What is Cygwin?
Cygwin is a collection of open source tools that allows Unix or Linux applications to be compiled and run on a Microsoft Windows operating system (OS) from within a Linux-like interface. Cygwin offers users a Linux-like experience in a Windows environment. This capability helps developers migrate applications from Unix or Linux to Windows-based systems and makes it easier to support their applications running on the Windows platform.
At the heart of the Cygwin collection of tools is the cygwin1.dll dynamic link library (DLL). The DLL serves as an emulation layer that provides Portable OS Interface, or POSIX, system call functionality. The Cygwin distribution also has a large collection of free tools, including most GNU and many Berkeley Software Distribution tools, along with an X server and a full set of X applications.
The name Cygwin was created from a combination of Cygnus and Windows.
How Cygwin works
The Cygwin DLL runs as a standard DLL in the Win32 subsystem. It uses the Win32 application programming interface (API) and, when needed, the native NT API. The DLL works with all x86-based, 64-bit versions of Windows, starting with Windows Vista for desktop OSes and Windows Server 2008 for server OSes.
Users can easily download and install a basic Cygwin environment by running the setup-x86_64.exe program and following the setup program prompts in the Cygwin Setup wizard. Cygwin is also available in a 32-bit version, but it is recommended only in specific scenarios.
What is Cygwin used for?
Cygwin brings Linux to the Windows environment. Users can interact with Cygwin through a Unix shell, such as bash, tcsh or zsh. From there, they can issue Unix commands much like they would on a Unix or Linux computer.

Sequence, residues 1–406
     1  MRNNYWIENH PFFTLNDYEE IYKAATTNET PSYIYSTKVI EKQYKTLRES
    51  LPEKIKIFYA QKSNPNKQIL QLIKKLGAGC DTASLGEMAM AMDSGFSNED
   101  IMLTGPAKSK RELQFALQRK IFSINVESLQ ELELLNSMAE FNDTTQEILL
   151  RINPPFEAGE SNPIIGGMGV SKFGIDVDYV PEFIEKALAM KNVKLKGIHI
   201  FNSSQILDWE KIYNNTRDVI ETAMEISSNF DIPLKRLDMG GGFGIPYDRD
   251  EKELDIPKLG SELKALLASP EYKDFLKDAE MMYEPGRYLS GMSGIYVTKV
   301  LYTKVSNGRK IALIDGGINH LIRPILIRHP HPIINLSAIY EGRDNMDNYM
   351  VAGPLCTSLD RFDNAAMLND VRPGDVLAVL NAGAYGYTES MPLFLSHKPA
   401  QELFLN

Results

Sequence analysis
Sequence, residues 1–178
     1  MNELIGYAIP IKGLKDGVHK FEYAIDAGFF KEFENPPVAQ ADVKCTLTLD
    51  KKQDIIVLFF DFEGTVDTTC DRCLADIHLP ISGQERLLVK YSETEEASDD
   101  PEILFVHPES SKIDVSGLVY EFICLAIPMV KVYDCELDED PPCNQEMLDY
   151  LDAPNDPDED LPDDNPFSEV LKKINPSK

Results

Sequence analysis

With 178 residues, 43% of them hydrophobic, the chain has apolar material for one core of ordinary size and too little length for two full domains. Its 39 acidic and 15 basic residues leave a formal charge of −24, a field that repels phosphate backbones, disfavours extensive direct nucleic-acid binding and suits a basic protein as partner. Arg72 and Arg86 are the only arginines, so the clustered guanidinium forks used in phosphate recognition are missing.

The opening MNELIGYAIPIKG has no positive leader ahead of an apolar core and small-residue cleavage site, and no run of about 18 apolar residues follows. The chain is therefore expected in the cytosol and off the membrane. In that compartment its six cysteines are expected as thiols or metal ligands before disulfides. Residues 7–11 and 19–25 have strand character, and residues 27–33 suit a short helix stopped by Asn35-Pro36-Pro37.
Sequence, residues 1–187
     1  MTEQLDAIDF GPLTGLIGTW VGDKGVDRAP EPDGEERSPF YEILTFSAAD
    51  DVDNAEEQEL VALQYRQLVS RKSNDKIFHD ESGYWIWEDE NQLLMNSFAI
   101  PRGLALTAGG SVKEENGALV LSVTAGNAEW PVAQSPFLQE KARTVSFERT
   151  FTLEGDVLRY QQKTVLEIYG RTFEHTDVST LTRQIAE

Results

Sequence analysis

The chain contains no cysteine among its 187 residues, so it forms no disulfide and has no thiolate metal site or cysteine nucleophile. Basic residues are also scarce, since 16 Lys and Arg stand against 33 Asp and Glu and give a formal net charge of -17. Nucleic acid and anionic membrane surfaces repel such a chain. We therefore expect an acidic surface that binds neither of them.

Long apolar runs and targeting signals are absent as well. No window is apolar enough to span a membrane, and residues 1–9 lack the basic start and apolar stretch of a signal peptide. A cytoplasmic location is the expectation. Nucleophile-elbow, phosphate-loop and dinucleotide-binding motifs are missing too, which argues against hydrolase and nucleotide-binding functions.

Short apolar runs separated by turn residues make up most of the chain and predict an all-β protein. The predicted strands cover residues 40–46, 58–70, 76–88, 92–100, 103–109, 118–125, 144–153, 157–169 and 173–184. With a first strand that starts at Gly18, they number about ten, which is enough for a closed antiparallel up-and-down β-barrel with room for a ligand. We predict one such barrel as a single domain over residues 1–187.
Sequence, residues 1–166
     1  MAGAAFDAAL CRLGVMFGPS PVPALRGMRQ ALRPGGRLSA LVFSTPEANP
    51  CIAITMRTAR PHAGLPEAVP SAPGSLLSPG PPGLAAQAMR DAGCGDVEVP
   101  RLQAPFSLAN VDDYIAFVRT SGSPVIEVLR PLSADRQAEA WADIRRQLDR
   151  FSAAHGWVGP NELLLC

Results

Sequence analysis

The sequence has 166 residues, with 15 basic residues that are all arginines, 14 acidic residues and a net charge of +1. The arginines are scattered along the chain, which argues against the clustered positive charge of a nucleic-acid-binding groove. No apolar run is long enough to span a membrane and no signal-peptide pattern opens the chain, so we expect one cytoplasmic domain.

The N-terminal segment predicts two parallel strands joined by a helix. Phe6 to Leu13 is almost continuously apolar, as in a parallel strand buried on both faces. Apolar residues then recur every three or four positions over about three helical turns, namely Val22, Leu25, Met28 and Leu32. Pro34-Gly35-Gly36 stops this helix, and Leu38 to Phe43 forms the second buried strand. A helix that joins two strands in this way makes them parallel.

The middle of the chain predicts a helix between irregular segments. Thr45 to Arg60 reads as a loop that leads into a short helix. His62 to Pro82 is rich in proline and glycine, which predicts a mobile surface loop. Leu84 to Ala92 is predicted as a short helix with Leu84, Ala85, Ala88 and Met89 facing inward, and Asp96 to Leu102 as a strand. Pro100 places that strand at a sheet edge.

Examples of the Unix commands include the following:
- The grep command is used to search for files.
- The mkdir command creates a new directory.
- The chmod command sets file-level permissions.
Users can also access the Cygwin environment through the Windows command shell.
In addition, Cygwin lets developers compile Unix or Linux applications through one of the available Unix shells. They can then run the applications on their Windows systems. In this way, they can migrate their Unix or Linux applications to Windows-based systems without making significant changes to the source code. Developers can also write Win32 console or graphical user interface applications that use either standard Win32 API functionality or the Cygwin API.
Because Unix and Linux are open to public input, administrators have contributed many management scripts for these systems over the years. This has resulted in a large selection of administrative tools. Administrators can use Cygwin to apply these scripts to their Windows-based computers, making it possible to address system issues similar to how they address them in a Linux or Unix environment. Administrators can also incorporate Windows command-line interface tools into the Cygwin shell script environment.